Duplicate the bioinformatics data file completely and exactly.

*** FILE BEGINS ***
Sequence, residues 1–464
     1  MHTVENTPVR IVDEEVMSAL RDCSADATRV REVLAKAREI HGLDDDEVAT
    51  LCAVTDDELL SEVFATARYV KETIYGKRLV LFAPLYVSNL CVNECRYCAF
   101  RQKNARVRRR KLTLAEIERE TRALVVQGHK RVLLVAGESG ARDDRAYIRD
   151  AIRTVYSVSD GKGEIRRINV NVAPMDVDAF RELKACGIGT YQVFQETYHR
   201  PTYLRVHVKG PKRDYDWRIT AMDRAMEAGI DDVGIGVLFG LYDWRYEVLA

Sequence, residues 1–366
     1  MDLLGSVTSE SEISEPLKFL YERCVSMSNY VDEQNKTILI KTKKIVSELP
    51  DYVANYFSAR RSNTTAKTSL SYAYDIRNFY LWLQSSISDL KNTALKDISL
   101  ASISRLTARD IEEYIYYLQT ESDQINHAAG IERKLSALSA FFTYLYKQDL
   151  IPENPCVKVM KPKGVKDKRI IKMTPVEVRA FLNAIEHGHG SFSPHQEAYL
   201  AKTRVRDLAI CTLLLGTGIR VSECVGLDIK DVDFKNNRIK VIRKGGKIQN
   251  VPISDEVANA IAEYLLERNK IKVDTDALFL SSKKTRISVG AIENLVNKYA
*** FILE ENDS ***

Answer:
Sequence, residues 1–464
     1  MHTVENTPVR IVDEEVMSAL RDCSADATRV REVLAKAREI HGLDDDEVAT
    51  LCAVTDDELL SEVFATARYV KETIYGKRLV LFAPLYVSNL CVNECRYCAF
   101  RQKNARVRRR KLTLAEIERE TRALVVQGHK RVLLVAGESG ARDDRAYIRD
   151  AIRTVYSVSD GKGEIRRINV NVAPMDVDAF RELKACGIGT YQVFQETYHR
   201  PTYLRVHVKG PKRDYDWRIT AMDRAMEAGI DDVGIGVLFG LYDWRYEVLA

Sequence, residues 1–366
     1  MDLLGSVTSE SEISEPLKFL YERCVSMSNY VDEQNKTILI KTKKIVSELP
    51  DYVANYFSAR RSNTTAKTSL SYAYDIRNFY LWLQSSISDL KNTALKDISL
   101  ASISRLTARD IEEYIYYLQT ESDQINHAAG IERKLSALSA FFTYLYKQDL
   151  IPENPCVKVM KPKGVKDKRI IKMTPVEVRA FLNAIEHGHG SFSPHQEAYL
   201  AKTRVRDLAI CTLLLGTGIR VSECVGLDIK DVDFKNNRIK VIRKGGKIQN
   251  VPISDEVANA IAEYLLERNK IKVDTDALFL SSKKTRISVG AIENLVNKYA